Each speaks to a fear that someone is likely to have, but each of them touches on fears that we are all likely to experience at some point in our journeys. I have often felt like each of the different characters even in the last year of my life. For example, I did “Fragile” (with the eggshells) as a self-portrait and a very personal image. However, I can look to “Moment” with the sand and know that one day, I will have those feelings as well.

What are you currently working on? Is this series complete, or will you be expanding it?

This series is complete, and will be exhibited again in Laguna Beach, California this fall. Right now I am focusing on my writing as I finish up my novel, but will soon be back to brainstorming for my next series which I plan to start producing in the second half of this year.

If you could use one word to sum up your new series, what would it be?


Final Thoughts

Brooke’s new series is intriguing in that it raises many questions. All the rooms have no doors. Does that mean the characters are permanently trapped in their pain and emotion? Or could they simply be in miniature rooms with very short walls, so engulfed in their own experiences, not realizing yet that they could choose to climb over? Even worse, are they caught in a Martin Seligman experiment, shocked and traumatized into a temporary learned helplessness?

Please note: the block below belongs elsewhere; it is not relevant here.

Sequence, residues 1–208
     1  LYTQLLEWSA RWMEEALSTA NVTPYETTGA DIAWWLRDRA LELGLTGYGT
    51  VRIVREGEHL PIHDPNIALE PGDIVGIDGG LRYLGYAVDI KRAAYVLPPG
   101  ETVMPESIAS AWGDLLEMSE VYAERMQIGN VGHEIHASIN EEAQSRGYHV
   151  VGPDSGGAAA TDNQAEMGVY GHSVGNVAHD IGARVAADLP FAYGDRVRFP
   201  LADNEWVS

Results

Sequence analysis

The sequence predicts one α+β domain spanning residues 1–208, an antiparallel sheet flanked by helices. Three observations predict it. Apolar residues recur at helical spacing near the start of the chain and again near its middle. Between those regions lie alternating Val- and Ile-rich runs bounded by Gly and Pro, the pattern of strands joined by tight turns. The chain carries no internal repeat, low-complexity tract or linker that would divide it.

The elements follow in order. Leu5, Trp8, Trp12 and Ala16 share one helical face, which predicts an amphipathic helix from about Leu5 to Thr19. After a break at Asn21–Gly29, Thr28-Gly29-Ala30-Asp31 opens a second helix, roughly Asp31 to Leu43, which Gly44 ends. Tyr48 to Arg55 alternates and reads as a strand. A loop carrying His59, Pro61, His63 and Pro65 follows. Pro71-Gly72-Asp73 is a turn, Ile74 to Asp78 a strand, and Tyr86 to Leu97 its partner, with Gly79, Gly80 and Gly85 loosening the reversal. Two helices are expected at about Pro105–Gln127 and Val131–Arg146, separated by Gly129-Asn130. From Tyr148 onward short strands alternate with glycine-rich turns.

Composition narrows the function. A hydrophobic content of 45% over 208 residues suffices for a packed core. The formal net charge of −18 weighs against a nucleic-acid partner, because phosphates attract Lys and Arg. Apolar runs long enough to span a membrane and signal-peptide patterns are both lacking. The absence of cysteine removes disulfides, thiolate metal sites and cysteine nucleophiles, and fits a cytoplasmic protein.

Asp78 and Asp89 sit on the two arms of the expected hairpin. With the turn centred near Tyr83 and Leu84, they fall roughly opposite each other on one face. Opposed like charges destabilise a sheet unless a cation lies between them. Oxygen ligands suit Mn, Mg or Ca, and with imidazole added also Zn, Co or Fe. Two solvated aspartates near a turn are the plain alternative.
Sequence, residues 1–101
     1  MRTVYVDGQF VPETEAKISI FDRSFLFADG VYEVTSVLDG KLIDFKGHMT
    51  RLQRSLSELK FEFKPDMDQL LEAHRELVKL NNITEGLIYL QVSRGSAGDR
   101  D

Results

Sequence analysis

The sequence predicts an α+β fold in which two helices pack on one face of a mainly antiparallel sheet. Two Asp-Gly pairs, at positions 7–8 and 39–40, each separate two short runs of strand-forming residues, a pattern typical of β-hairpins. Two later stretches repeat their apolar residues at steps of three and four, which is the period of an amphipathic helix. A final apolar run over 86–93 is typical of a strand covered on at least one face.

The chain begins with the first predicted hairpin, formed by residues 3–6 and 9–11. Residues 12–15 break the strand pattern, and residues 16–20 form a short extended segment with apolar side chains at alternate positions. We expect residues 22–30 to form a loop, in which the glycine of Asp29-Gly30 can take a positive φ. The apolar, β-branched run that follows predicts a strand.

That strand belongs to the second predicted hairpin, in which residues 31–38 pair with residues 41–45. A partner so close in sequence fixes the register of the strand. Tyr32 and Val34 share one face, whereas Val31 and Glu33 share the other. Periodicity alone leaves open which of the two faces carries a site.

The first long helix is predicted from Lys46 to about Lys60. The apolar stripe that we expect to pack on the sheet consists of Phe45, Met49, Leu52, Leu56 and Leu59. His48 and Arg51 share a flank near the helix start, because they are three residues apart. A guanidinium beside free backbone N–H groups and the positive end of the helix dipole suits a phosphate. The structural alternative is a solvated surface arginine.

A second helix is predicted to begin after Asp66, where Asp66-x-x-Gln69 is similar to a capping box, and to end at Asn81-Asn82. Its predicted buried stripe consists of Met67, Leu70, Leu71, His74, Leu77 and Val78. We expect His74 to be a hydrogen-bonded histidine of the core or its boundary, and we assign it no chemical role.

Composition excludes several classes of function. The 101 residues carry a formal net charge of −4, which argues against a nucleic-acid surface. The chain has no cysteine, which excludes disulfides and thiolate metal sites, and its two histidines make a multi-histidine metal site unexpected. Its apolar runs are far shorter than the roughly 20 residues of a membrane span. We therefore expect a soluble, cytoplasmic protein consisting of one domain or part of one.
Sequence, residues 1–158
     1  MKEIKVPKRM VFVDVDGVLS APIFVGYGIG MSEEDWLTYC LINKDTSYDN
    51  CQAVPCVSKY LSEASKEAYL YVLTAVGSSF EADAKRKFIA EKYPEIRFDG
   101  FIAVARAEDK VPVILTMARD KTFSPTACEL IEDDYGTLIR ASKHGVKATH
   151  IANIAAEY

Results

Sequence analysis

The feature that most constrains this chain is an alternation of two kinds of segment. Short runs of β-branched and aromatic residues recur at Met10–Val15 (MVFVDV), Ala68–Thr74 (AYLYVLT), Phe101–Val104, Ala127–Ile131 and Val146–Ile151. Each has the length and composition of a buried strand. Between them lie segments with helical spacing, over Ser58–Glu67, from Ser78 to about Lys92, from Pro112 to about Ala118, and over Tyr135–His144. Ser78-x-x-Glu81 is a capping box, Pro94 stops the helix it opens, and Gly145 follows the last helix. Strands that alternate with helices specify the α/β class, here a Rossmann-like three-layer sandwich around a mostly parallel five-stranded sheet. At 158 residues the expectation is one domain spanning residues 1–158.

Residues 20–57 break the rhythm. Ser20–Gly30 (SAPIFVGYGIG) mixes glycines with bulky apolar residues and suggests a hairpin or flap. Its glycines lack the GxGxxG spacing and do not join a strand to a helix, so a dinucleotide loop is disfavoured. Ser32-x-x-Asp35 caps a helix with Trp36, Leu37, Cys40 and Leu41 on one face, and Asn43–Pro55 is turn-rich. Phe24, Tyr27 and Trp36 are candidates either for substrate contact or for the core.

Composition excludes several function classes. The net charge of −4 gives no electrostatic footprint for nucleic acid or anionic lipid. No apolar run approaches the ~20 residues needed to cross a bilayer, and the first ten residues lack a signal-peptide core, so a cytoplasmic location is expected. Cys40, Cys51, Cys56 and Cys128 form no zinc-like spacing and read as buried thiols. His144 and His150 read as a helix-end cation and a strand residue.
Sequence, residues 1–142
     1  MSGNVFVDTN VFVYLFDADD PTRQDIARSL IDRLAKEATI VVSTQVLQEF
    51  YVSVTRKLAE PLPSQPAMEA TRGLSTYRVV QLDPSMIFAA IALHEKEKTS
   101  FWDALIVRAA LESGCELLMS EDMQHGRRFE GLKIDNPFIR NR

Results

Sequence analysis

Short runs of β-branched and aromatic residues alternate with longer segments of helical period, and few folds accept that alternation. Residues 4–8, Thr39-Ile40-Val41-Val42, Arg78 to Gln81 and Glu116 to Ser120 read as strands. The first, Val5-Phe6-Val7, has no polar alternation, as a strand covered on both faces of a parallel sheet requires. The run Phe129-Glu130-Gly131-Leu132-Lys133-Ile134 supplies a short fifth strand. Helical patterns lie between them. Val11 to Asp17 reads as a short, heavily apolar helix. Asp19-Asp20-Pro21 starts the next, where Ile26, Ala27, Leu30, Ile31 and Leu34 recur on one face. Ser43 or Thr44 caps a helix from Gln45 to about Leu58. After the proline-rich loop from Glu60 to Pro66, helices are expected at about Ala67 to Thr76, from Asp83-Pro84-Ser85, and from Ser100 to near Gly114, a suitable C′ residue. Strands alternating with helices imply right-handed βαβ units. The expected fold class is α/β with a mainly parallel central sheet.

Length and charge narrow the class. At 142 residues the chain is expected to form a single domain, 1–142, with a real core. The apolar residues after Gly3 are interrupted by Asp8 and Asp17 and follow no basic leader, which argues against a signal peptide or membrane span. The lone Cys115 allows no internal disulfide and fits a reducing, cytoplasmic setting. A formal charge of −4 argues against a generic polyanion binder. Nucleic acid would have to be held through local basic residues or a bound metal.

Then there’s Brooke’s photo “Undone”, which contains a character in a room of brilliant red thread. The image has me singing Bjork’s “Unravel” lyrics in my head over and over again.

While you are away, My heart comes undone

Slowly unravels, In a ball of yarn

The devil collects it, With a grin

Our love, our love, In a ball of yarn

Are we all these faceless characters at one point in our short and fragile lives? I think so. Do we have a way out of these tiny constricting rooms? I hope and know so.

Although Brooke’s art may be dark, it brings light to many lives. Her blog is a constant source of inspiration. In it, she shares her art and encourages others to follow their passions. As a side project, she has brought art and taught photography to children in India. There is no doubt that Brooke is dedicated to her art and her passions. She goes as far as to film herself jumping into freezing rivers and lakes fully clothed in a beautiful dress, in order to inspire others and create a special photograph.

Lastly, I’d like to leave you with a story that Brooke’s art brings to mind. In Egyptian mythology, each night RA the god of the Sun dies and goes down into the underworld in his magic boat Madjet, which means becoming strong. Each night, he and his vessel are swallowed up by the the sky goddess Nut. Even though RA travels through the underworld leaving us to experience darkness, he re-emerges again every morning in the East, bringing with him glorious light. This is the feeling I get after looking at Brooke’s photos.

I believe that the world would be a much darker place if we didn’t have the journeys we experience through Brooke’s dark beautiful art.